Rice, eggs, coffee, and cooking oil top the grocery lists of many Bangladeshis. But for people in crowded cities like Dhaka, getting to and from the store is often more time-consuming than the shopping itself. Dhaka is one of the most densely populated cities in the world, and investment in infrastructure has not kept pace with population growth—leading to heavy traffic congestion and limited parking. This makes it difficult for consumers to purchase the food staples they need.
Entrepreneurs Waseem Alim, Zia Ashraf, and Tejas Viswanath started Chaldal, an online grocery platform in Bangladesh, to make shopping easier. Until Chaldal launched in 2013, Bangladeshis chose from among traditional grocery outlets that often failed to provide consumers with affordable, convenient access to a full range of products. Chaldal enables customers to buy a range of high-quality groceries, food, and other consumer goods like diapers at affordable prices online—and then delivers them to the buyer’s door.
Chaldal is one of the largest e-commerce companies in Bangladesh and the only online grocery platform that has achieved meaningful scale. Its success is significant because e-commerce presents an opportunity for consolidation and professionalization of the country’s fragmented grocery supply chain. This could result in better incomes for farmers, reduced wastage, and improved food safety practices.
Chaldal has already received venture capital from several investors, and in 2018 IFC invested $3 million to help the company continue to expand. IFC is partnering in this investment with IDLC Finance Limited, the largest non-bank financial institution in Bangladesh and a long-standing IFC client. Around 2,000 jobs will be created—mostly of them for low-skilled workers who often struggle to find jobs in the formal sector.
IFC’s funding also signals to investors the viability of venture investing in Bangladesh—ultimately attracting additional capital to the market. In time, this will support the expansion of other digital businesses in a range of sectors.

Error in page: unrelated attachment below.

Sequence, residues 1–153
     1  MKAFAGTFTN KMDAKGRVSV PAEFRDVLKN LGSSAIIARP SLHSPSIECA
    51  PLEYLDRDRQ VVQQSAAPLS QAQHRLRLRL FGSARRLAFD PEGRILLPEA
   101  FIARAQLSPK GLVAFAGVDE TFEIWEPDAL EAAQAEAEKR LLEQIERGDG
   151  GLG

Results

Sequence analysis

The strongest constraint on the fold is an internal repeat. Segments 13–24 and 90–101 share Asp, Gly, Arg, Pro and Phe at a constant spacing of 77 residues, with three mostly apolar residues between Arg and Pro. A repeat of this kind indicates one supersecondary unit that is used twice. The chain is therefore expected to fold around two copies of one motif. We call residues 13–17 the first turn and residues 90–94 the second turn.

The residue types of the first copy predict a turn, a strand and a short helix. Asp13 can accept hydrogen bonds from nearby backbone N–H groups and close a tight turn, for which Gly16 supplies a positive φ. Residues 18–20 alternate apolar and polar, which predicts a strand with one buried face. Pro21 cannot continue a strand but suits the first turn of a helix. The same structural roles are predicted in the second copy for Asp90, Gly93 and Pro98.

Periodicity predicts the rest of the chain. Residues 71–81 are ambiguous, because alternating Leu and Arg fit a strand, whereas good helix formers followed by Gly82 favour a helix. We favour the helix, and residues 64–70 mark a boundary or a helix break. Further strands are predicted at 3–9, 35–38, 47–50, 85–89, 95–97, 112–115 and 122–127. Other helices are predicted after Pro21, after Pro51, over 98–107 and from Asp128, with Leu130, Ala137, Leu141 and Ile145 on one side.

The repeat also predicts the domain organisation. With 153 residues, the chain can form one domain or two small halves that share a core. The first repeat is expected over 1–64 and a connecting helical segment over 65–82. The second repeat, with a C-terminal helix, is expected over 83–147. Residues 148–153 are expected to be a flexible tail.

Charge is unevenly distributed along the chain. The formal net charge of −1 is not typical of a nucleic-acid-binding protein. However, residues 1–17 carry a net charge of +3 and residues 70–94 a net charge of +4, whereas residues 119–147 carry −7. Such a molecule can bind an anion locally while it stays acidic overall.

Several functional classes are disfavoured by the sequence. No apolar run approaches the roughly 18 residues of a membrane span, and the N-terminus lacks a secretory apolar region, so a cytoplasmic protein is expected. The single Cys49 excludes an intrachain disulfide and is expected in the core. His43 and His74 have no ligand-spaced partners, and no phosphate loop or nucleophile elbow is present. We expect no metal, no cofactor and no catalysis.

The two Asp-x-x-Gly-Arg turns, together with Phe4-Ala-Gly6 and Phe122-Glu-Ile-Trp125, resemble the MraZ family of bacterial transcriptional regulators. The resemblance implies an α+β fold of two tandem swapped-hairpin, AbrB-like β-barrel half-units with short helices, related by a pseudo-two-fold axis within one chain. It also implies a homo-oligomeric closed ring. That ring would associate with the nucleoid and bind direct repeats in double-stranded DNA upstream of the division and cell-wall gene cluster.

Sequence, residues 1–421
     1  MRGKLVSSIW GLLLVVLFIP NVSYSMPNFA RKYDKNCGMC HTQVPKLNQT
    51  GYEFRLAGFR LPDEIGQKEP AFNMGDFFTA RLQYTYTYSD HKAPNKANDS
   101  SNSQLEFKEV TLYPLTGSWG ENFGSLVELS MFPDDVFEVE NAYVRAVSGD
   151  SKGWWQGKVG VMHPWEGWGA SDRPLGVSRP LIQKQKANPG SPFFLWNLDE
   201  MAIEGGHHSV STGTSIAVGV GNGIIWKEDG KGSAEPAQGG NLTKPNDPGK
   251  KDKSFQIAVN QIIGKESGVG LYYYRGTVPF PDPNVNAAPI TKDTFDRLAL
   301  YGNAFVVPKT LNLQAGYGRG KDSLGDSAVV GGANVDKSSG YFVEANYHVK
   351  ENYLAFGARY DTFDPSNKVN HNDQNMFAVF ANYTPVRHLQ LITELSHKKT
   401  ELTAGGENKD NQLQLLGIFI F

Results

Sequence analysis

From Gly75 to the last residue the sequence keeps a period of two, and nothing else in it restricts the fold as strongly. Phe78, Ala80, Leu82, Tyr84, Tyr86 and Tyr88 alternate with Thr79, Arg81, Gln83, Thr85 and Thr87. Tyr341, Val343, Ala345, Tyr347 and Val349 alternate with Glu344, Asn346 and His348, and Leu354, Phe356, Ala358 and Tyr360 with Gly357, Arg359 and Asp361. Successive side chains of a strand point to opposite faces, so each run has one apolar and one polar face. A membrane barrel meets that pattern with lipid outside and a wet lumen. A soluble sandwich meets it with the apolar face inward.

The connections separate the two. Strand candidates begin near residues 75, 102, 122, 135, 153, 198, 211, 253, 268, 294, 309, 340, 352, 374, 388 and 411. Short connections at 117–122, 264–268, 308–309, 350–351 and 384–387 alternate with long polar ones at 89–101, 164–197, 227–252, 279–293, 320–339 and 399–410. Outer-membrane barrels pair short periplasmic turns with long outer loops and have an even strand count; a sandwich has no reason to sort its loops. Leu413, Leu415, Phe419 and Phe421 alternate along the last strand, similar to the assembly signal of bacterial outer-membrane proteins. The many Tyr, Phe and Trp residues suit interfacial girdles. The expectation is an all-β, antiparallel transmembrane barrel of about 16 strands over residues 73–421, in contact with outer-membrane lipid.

An Online Market that Delivers
For Dhaka’s residents, Chaldal has already become ubiquitous. More than 50,000 households and 200 business customers subscribe to the service, and the company delivers more than 2,000 orders per day. The company’s end-to-end platform incorporates route and delivery logistics planning as well as fulfillment—and that’s what makes it unique. By tapping its nine “micro-warehouses” and tailored supply chains, it’s able to deliver groceries—including fruits, vegetables, meat, and dairy—within an hour. Customers place orders through Chaldal’s mobile app or the web.
With the new capital, Chaldal will build nano-warehouses—spaces small enough that the products within them can be shelved and distributed via several robotic arms. Chaldal plans to run about 50 nano-warehouses in several target cities in and beyond Asia, which will enable the company to fulfill orders in about 15 minutes.
Getting the Goods to Consumers
Inventory management is just one factor in the delivery equation. The company transports goods via its ridesharing spinoff, Chalao, an Uber-like motorbike service, and Gogo Bangla, a logistics and delivery company. Across all of its subsidiaries, Chaldal has created 620 jobs in three countries—the U.S., Singapore, and Bangladesh.
Chaldal’s in-house delivery system is an essential part of its business model, allowing the company to ensure a smooth customer experience, especially in contrast to companies that might use third-party vendors to deliver orders. This approach has proven its value: 89 percent of revenue comes from recurring customers.
Chaldal’s commitment to this in-house delivery model benefits its Bangladeshi employees as well. Since all delivery workers are salaried, a monthly income is guaranteed.
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Published in August 2019